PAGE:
So he also said in his introductory remarks that “the opening of this new session of the General Assembly is taking place against a backdrop of widespread violence that is linked to intolerance”.  And he said he once again condemns those who deliberately provoke others with hatred and bigotry.  And he joins with others in speaking out against those who, in response to such provocations, fan those flames further still; and there is a time for calm, restraint, and a responsible political and community leadership.


So I think he has made it clear that these kinds of freedoms are there to be guaranteed and protected.  And as he has made clear in his recent remarks, freedom of speech and freedom of expression are indeed basic human rights.  And these rights are obviously in no way questioned when the Secretary-General expresses his dismay at provocations and subsequent blind violence, which feed a vicious circle of hatred in an already tense international climate.  The Secretary-General strongly urges all to act responsibly, peacefully and in a manner not injurious to anyone's beliefs and faith.  Okay?  Yes?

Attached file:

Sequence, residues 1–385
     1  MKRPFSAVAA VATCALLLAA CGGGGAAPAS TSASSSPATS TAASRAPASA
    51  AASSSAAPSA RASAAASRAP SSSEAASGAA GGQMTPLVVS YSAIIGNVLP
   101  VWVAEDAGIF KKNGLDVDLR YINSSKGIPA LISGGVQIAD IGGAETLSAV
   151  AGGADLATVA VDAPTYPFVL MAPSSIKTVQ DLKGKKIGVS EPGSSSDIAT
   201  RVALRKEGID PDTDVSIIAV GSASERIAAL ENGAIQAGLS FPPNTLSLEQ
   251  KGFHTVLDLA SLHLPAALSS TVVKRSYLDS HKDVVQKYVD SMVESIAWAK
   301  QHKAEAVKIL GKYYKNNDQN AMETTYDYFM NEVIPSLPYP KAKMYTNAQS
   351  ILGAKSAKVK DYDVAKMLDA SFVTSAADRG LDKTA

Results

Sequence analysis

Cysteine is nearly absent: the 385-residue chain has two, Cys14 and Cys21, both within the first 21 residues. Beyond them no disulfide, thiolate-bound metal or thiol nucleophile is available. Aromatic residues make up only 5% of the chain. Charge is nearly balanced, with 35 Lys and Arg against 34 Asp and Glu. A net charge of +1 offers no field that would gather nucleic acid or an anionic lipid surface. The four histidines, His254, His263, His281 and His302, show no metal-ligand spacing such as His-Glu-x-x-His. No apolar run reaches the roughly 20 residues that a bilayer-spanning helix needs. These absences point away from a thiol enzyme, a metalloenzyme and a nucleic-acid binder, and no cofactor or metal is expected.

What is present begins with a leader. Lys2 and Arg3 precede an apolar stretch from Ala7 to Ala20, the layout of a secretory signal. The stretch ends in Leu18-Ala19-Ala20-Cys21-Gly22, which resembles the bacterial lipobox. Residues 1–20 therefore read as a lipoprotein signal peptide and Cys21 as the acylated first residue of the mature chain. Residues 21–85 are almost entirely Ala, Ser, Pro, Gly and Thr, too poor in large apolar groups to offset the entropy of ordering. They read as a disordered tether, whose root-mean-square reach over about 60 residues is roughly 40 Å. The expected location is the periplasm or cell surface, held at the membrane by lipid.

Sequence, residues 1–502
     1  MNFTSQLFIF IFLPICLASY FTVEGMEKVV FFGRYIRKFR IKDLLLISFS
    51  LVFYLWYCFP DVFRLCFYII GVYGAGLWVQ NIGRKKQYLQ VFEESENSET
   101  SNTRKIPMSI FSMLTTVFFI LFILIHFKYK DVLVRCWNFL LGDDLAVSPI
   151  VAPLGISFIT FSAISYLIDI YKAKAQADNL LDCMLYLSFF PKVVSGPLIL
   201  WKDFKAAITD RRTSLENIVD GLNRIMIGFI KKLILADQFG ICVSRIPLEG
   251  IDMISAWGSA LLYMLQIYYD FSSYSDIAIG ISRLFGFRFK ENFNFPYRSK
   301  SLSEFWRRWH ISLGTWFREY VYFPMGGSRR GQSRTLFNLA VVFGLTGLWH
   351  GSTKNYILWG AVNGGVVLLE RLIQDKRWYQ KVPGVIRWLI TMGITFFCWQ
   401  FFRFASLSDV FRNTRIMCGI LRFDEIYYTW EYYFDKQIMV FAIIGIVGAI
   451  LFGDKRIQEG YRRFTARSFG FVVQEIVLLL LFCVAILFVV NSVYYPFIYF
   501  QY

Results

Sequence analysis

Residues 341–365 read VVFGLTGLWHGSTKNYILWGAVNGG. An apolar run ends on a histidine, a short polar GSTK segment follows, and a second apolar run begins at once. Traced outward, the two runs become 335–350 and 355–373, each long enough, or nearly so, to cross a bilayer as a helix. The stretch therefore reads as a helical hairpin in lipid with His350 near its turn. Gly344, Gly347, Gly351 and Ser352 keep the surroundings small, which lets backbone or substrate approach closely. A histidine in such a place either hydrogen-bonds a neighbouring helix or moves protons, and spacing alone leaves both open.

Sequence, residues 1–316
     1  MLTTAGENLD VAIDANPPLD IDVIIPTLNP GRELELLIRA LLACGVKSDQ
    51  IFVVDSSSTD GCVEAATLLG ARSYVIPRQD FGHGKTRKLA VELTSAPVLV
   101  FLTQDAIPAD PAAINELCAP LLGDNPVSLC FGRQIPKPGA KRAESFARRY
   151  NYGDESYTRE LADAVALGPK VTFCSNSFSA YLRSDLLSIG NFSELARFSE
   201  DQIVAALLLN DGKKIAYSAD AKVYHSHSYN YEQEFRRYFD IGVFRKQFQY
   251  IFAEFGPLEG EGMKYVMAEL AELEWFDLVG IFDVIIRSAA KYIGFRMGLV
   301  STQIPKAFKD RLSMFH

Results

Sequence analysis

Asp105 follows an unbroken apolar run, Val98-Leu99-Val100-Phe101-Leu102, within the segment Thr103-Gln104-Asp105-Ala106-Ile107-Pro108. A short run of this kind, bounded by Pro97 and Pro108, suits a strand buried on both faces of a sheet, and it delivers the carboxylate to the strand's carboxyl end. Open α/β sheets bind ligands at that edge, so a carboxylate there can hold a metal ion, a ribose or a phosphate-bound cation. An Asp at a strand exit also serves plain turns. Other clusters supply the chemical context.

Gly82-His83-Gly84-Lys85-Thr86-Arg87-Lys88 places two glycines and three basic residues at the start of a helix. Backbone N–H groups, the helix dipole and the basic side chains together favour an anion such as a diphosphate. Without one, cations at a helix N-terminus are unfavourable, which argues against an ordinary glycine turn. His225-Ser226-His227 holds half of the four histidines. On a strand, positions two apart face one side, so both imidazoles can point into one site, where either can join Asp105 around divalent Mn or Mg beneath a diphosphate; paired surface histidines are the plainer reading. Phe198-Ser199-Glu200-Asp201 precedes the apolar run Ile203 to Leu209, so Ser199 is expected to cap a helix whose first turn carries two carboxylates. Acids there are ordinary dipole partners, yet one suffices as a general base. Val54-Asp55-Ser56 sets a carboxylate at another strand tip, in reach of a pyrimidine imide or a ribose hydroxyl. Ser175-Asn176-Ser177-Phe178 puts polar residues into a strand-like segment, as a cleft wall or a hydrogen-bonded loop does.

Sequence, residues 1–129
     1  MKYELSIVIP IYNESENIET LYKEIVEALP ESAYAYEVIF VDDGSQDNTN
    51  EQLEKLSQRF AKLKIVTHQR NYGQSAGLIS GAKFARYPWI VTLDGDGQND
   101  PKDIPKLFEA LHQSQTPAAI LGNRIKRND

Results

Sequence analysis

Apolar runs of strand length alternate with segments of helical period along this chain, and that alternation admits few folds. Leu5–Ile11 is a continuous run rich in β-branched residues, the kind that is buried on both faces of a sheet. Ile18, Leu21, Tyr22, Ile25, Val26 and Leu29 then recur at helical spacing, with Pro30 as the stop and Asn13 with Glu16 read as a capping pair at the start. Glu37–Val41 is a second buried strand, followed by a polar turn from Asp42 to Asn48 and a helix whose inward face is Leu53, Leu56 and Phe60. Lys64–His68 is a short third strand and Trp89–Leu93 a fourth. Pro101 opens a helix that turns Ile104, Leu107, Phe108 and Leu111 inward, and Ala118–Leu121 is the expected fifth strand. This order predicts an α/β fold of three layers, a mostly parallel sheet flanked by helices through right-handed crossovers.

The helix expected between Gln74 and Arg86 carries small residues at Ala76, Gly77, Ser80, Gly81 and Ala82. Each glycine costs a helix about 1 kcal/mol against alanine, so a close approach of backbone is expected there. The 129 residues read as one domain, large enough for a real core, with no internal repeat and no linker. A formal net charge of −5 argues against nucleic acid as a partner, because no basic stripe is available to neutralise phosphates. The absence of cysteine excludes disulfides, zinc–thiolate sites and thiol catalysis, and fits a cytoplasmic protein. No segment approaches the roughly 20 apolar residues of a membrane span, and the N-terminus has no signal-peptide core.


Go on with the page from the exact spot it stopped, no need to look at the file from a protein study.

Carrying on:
Question:  Sure, I just wanted to ask you, this is again, I guess, a question to some degree about the coming week.  Guinea-Bissau, early this year, had what was pretty much everyone says was a coup d'état, but there are some countries that now recognize the interim leaders as the, you know, de facto authorities and there are some in the… particularly in the CPOP of… of… of, you know, Brazil, Angola, Portugal, that are not recognizing the current Government.  Is the Secretary-General going to meet with interim President Manuel Serifo Nhamadjo, and does the… I understand there is a new Perm[anent] Rep[resentative] representing them that is in the country, but has not yet presented his credentials; is the UN… do… do they recognize this Government and will they be meeting with them?


Spokesperson:  Well, first of all, recognition is a matter for Member States; recognition or non-recognition is a matter for Member States.  And credentials for Permanent Representatives would be a matter for the Credentials Committee, so I think we would need to see where that goes.  I am not familiar right now with where things stand on that particular question of credentials, so I would need to check.  But it would be a matter for them.


Question:  But would there be a… no, that I… I… under… I appreciate that, but I could say is… is the current… the current sort of de facto Government, if they came to New York for the general debate, would their meeting with DPA [Department of Political Affairs], would that signi… would be… would that be of any significance or could… could that be possible without any ruling by the Credentials Committee?  Because, I mean, I don’t know if you are going to answer that now or as part of the…